It’s the time of year when the national curriculum SATs results are released. This never fails to prompt discussion about various aspects of testing our children and the appropriateness of the tests themselves. Test marking always generates controversy, with this year being no exception.
Points picked in a BBC article highlight concerns with marking English papers. One relates to a question where children were asked to correctly write a semi-colon in a sentence and the other about labelling main and subordinate clauses. Whilst we can argue about whether knowing the intricacies of using semi-colons makes our children better communicators, it is the marking of these questions that raises serious problems with the reliability and validity of the tests.
Reliability – the accuracy or consistency of the test – and validity – the extent to which the test measures what it is supposed to – are recognised as the cornerstones of any adequate form of measurement. In the case of large scale assessment, where many different markers are needed, obtaining adequate consistency between markers is a major challenge. Good training of markers and detailed guidance on what to accept as correct or incorrect helps, but only goes so far. Inevitably, noise or ‘error’ creeps into the system. We can never remove error completely but it should be minimised as far as possible. However, pressures of time and cost may mean that insufficient checks are put in place, with reliability suffering as a consequence.
What the current SATs more worryingly highlight are concerns over validity. Take the question about correctly punctuating a sentence. Guidance to markers was given as to exactly where the top of the semi-colon should be, the direction of the bottom comma and other features needed to be for a response to be acceptable. So, a child could have put a mark that was clearly a semi-colon and in the correct place, yet still not be considered to have answered the question correctly. Unfair? Almost certainly yes.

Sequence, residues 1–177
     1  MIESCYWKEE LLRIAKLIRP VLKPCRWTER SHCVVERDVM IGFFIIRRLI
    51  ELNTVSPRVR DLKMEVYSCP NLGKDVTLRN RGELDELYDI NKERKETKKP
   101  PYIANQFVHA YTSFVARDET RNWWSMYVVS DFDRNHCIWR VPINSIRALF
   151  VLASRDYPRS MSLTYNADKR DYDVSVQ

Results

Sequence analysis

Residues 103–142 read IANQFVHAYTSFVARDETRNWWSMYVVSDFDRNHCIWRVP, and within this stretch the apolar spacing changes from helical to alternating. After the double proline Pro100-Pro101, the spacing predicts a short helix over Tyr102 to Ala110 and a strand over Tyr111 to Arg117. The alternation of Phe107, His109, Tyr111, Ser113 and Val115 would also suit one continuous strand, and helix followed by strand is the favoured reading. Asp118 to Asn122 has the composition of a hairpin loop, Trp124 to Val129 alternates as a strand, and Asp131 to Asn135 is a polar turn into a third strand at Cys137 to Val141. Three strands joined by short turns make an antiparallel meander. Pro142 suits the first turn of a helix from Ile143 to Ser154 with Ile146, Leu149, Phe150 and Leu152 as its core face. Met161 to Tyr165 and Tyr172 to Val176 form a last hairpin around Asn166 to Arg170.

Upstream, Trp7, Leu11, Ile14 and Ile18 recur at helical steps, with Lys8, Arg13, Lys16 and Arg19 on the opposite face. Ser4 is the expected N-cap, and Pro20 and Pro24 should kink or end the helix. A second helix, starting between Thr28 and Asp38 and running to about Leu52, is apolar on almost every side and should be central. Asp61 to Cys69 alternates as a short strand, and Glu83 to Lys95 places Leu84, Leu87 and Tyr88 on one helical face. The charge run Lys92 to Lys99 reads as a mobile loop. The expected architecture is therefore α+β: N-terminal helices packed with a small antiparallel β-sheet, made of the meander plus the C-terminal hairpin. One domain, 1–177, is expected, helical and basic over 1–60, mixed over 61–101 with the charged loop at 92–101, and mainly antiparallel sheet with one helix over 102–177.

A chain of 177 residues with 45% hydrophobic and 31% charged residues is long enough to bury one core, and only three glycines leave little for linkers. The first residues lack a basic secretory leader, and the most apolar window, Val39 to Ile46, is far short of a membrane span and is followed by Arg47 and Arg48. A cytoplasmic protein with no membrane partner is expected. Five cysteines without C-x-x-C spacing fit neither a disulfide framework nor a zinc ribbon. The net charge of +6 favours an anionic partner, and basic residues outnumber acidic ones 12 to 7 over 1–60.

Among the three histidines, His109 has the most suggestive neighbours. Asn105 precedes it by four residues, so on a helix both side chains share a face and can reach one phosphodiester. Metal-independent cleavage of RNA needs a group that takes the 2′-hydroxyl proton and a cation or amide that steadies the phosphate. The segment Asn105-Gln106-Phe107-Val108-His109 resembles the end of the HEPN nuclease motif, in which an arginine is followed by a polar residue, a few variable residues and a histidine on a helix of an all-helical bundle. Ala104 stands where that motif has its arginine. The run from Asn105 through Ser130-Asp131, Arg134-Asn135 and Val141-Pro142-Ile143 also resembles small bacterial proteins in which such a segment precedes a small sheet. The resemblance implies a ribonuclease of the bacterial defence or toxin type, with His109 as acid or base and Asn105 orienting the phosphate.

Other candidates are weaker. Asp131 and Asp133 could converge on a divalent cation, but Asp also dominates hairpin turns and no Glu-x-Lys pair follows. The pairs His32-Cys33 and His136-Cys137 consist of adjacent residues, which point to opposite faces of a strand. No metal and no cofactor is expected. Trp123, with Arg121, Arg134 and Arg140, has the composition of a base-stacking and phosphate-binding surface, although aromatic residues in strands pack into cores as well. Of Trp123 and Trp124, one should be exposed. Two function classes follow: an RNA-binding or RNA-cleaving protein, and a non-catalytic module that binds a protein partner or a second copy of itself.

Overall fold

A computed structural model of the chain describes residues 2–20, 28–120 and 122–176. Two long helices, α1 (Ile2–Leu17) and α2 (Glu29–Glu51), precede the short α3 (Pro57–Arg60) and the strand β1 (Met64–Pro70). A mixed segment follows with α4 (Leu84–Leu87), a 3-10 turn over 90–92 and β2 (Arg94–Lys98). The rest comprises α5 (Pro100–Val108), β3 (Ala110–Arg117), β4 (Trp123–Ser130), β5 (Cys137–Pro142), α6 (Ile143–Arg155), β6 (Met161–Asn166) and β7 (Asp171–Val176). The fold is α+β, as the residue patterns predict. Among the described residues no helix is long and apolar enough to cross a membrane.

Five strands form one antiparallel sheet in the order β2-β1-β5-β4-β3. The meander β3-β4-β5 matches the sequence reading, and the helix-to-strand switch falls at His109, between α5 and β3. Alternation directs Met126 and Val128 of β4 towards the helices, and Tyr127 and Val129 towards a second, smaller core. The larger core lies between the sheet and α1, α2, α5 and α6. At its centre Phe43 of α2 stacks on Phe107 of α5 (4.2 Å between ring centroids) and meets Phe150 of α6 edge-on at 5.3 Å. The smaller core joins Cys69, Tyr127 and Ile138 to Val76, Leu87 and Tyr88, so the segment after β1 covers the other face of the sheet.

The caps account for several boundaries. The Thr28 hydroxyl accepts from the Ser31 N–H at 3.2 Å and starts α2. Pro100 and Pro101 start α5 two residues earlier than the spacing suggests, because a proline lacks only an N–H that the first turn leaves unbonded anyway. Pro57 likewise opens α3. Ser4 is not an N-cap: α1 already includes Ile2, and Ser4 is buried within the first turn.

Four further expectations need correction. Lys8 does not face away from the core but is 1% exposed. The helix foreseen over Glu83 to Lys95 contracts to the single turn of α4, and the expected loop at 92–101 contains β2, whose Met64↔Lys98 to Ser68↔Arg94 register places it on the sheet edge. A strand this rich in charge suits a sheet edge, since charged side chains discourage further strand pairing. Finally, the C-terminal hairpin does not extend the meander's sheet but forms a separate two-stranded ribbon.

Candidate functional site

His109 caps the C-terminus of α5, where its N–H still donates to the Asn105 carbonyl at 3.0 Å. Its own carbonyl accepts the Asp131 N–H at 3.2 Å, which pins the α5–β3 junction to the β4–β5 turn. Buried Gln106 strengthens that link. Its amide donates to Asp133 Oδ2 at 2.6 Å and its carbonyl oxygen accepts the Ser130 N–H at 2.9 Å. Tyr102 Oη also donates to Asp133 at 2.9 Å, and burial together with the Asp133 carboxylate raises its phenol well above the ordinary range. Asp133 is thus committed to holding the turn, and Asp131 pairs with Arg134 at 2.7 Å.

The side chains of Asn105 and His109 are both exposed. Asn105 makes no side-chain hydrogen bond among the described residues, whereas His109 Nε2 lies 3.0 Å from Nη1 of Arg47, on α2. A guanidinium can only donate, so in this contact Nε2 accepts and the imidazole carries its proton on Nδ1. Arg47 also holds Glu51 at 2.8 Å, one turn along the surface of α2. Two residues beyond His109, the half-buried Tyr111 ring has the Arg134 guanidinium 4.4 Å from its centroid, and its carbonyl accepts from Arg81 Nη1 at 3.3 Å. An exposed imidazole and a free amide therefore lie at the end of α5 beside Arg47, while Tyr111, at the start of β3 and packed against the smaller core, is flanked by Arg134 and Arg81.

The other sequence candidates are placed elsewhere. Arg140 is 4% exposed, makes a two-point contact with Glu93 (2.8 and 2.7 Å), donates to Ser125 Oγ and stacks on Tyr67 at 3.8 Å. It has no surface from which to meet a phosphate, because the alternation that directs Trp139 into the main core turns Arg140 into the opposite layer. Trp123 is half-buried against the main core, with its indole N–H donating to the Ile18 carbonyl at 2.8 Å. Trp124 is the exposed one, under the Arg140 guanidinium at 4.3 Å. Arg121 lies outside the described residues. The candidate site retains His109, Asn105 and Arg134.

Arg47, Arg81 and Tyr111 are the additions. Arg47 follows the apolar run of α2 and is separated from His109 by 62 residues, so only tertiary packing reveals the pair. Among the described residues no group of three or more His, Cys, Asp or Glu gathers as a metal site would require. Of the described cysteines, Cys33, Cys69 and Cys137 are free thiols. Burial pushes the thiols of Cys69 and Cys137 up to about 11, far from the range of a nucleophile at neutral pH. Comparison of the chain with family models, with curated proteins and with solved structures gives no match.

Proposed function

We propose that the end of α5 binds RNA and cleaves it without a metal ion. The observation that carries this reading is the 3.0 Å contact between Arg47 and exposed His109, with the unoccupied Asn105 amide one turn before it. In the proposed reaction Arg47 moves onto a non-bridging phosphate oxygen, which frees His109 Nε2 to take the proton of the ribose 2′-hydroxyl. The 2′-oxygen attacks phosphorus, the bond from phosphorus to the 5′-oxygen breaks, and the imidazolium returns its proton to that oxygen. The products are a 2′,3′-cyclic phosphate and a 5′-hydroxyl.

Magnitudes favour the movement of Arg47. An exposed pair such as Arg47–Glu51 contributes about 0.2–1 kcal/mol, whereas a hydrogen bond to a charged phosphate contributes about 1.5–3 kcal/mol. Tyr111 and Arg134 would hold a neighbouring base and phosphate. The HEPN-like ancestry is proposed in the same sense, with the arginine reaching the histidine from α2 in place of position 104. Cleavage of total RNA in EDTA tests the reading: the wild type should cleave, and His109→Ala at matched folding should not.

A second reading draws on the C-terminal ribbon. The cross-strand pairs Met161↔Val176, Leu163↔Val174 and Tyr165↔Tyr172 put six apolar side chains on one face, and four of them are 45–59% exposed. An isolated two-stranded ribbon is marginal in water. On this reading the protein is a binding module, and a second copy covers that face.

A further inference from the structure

The key point to consider is the purpose of this question – its validity. If we want to check whether a child can correctly write a semi-colon, then ask them to do this. Give them a blank space and ask them to fill it with a semi-colon. However, if the task – as must be assumed – is to see whether a child knows where a semi-colon goes in a sentence, then remove these artificial constraints that penalise many.
The sentence children had to punctuate rightly did not include extra spaces where punctuation was missing. Quite rightly, as this would be too much of a clue to the answer. But when we put punctuation in our writing that’s just what we do, as the punctuation mark takes up space on the page. As we know, when you try and squeeze in a mark or letter you’ve missed out, the result is often not that great. Children’s handwriting also naturally differs in size, but here is constrained by the font used on the question paper. Again, we create an artificial situation which completely misses the point of the question.
These simple examples illustrate fundamental points. Test constructors need to be clear about what they want to measure and stick to this, removing all ‘construct irrelevant variance’. If this is not done, tests are unfair and biased. Tests are also less useful to teachers who might use them to inform children’s learning needs, as reasons for a child getting a question wrong are obfuscated.
High-stakes assessment will always be scrutinised and through this the limitations of measurement highlighted. Public understanding of these limitations is a necessary part of an accountable test system, but sometimes you look at tests and think they just should have been better.
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